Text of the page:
Viviana found out about the competition on Facebook and thought it was a very interesting idea to explore how much scientific images have infiltrated popular culture. She knew that fashion designers have used astronomical images, so she browsed the internet and found the remarkable collection from Ruffian that she submitted.

Antique constellation prints and images of Orion taken by the Hubble Space Telescope decorated the designers' silk blouses, and suits with trim, cropped jackets and flaring, to-the-knee skirts were cut in silvery bouclé inspired by Vincent van Gogh's masterpiece The Starry Night. (Source: Style.com)

As a physicist, I recognise the impressive work done by the Hubble Space Telescope and by the astronomers working with it to expand our knowledge about the Universe, and also to change the view of the Universe in the mind of the general public. My favourite image is probably the famous sequence of expanding shells in V838 Mon, and more recently the impressive Butterfly Nebula NGC 6302. From a scientific point of view, I also like the image of the galaxy NGC 4526 with the explosion of a supernova, because it is fascinating to see the beauty of a phenomenon we study with rigorous calculations...

See the Ruffian collection at: http://www.ruffian.com/

You can follow Viviana’s Flickr account here.

2nd prize:

Second Life Hubble Gown, by Patricia F Anderson
(credit: Patricia F Anderson)

A couple of months ago one of Patricia’s friends told her about the Hubble Pop Culture contest and encouraged her to submit her gown. This is part of a line of garments she has made in Second Life called My Sky Mother series. She was inspired by the competition and decided to create a new item especially for the competition. Note that the character she created also has Hubble eyes and hair.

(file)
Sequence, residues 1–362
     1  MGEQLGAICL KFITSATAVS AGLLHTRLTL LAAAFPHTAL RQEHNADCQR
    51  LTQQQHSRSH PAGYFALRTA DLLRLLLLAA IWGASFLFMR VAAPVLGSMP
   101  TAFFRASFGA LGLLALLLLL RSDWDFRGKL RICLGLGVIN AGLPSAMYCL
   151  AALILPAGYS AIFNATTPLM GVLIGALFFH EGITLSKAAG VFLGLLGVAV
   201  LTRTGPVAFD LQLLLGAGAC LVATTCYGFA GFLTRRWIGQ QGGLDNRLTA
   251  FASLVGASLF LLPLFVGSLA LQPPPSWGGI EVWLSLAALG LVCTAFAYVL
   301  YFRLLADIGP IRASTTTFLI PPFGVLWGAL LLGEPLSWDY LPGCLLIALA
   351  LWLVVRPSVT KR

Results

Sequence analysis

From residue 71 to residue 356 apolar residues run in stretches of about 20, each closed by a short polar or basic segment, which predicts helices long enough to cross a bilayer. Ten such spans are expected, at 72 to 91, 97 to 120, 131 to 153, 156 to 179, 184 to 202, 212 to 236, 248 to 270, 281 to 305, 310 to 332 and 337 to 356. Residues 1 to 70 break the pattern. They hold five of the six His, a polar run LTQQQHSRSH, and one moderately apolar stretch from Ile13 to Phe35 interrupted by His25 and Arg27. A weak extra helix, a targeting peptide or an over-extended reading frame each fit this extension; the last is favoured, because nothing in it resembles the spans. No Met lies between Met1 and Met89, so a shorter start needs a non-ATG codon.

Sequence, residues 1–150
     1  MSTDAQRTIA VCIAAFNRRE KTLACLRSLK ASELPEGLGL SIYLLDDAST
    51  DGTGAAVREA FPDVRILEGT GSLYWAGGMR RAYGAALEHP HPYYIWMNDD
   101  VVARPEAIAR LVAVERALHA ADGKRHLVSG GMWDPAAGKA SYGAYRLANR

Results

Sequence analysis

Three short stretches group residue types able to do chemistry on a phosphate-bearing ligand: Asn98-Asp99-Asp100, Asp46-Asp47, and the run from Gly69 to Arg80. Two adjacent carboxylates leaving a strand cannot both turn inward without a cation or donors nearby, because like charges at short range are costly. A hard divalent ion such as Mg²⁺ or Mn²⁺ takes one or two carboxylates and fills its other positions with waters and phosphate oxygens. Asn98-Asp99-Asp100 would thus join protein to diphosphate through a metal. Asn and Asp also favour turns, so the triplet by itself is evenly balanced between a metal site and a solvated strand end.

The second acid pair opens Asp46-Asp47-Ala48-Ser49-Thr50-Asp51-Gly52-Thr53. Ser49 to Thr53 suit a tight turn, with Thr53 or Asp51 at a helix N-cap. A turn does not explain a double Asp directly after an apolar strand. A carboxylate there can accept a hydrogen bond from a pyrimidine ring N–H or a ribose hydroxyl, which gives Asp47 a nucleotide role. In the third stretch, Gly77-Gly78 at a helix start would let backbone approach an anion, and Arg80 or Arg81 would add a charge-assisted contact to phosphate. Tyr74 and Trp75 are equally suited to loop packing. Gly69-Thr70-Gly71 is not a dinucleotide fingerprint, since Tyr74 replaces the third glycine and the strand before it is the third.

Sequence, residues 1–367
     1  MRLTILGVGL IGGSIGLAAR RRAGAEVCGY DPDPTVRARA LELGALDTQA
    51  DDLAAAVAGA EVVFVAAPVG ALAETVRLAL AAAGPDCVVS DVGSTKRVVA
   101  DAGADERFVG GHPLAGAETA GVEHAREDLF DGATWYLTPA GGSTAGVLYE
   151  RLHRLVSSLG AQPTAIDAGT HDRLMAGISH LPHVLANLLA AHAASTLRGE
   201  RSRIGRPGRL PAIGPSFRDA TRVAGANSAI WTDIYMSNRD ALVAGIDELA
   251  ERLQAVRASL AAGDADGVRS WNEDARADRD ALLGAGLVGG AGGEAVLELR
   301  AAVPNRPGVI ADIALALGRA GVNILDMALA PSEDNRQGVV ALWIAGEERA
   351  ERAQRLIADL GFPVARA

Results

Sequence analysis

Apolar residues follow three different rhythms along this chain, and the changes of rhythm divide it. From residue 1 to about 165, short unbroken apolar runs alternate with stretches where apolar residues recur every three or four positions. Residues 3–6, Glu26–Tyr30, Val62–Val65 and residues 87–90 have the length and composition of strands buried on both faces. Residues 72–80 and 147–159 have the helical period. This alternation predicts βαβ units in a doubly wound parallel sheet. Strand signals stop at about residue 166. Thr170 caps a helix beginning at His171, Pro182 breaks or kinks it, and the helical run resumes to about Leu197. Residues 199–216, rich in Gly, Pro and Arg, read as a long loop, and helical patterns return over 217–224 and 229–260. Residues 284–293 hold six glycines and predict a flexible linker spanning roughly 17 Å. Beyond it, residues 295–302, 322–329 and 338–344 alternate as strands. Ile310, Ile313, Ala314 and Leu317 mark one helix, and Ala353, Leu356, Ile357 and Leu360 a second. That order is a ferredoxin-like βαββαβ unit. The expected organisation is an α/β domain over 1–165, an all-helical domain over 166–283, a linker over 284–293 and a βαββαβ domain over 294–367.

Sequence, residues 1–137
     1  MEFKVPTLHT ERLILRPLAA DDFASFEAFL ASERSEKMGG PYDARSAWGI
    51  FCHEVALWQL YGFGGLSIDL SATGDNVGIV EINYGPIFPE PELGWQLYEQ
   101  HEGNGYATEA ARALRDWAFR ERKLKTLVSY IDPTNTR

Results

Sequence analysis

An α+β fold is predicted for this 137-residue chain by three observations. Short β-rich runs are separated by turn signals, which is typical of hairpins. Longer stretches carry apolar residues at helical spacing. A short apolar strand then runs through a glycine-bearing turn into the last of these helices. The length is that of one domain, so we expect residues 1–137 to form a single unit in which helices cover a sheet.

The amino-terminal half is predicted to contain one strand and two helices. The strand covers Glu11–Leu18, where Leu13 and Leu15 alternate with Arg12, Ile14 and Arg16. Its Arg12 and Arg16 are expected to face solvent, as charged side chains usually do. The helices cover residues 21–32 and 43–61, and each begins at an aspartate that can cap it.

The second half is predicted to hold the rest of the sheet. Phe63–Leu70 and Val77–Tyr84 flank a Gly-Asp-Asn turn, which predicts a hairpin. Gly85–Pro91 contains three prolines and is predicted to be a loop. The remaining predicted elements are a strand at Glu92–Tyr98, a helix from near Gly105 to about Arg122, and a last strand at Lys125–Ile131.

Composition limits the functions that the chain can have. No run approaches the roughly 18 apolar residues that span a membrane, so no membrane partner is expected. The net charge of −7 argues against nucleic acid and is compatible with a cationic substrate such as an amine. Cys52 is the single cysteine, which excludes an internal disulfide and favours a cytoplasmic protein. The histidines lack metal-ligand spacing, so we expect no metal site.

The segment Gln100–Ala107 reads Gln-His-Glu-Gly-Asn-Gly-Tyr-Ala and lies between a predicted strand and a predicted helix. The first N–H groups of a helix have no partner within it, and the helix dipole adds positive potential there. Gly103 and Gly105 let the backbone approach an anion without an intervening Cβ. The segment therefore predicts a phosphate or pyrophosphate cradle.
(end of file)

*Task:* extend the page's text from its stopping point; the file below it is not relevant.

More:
3rd prize:

Space fantasy, by Sergio Cantú
(credit: Sergio Cantú)

The Space Fantasy collage was made by Sergio himself, combining images from Hubble with references to 2001: A Space Odyssey, Chariots of the Gods? Unsolved Mysteries of the Past, crop circles and much more.

I think Edwin Hubble made a great contribution to science in general. My opinion is that everything is interconnected and just as the microscope lets you jump in the micro cosmos, the telescope lets you jump out to the macro cosmos … that’s amazing!

You can follow Sergio’s Flickr account here.

Funniest:

1st prize:

Hubble cross stitch, by Rachel Hobson
(credit: Rachel Hobson)

Rachel found out about the competition via our Twitter feed @Hubble_space. She created the cross-stitch pattern and stitched the image herself. This was a project she had had in mind for some time, so when she heard about the competition, she took the opportunity to implement it. The inspiration for the image lies in a quote from John Grunsfeld in the Hubble IMAX 3D movie. You can read the entire story on her blog.

I find almost every image in the Hubble gallery inspiring, fascinating and humbling. Some of my favourite images are pictures of the astronauts who have serviced Hubble through the years as they work on Hubble. More proof that humans are critical to space exploration.

You can follow Rachel’s Flickr account here.

2nd prize:

Hubble Bubble Gum, submitted by Seanie Morris
(credit: Comedy Central)

Seanie is a big fan of Futurama, as well as a having a passion for astronomy. When he heard about the competition she immediately thought of the episode called “War is the H-word” of the Futurama series, where the main character goes into a store and buys the Hubble Bubble chewing gum.

I love Hubble. I have given lectures on it, used its images for astronomy lectures to kids and adults and at our astronomy club (…). I think it is probably the most important instrument we have ever launched into orbit around Earth, if not for the scientific information it has collected, then for its ability to take fantastic images of what the cosmos around us looks like. It must be Number One of the Seven Wonders of the Electronic and Space Exploration World. It is hard to nail down a particular favourite photo, but one of my favourites has to be among the ones taken of Comet Shoemaker-Levy 9's impact on Jupiter in 1994. I painted a few of them based on photos taken by Hubble that I got from ESA back in 1995. The colours and sense of depth within the photos were amazing. I think that the fact the 2010: Odyssey Two is also one of my favourite films helped!

Futurama is owned and screened by Comedy Central.

You can follow Seanie’s Flickr account here.

3rd prize:

WaterHubbleMelon, by Sezgin Babacan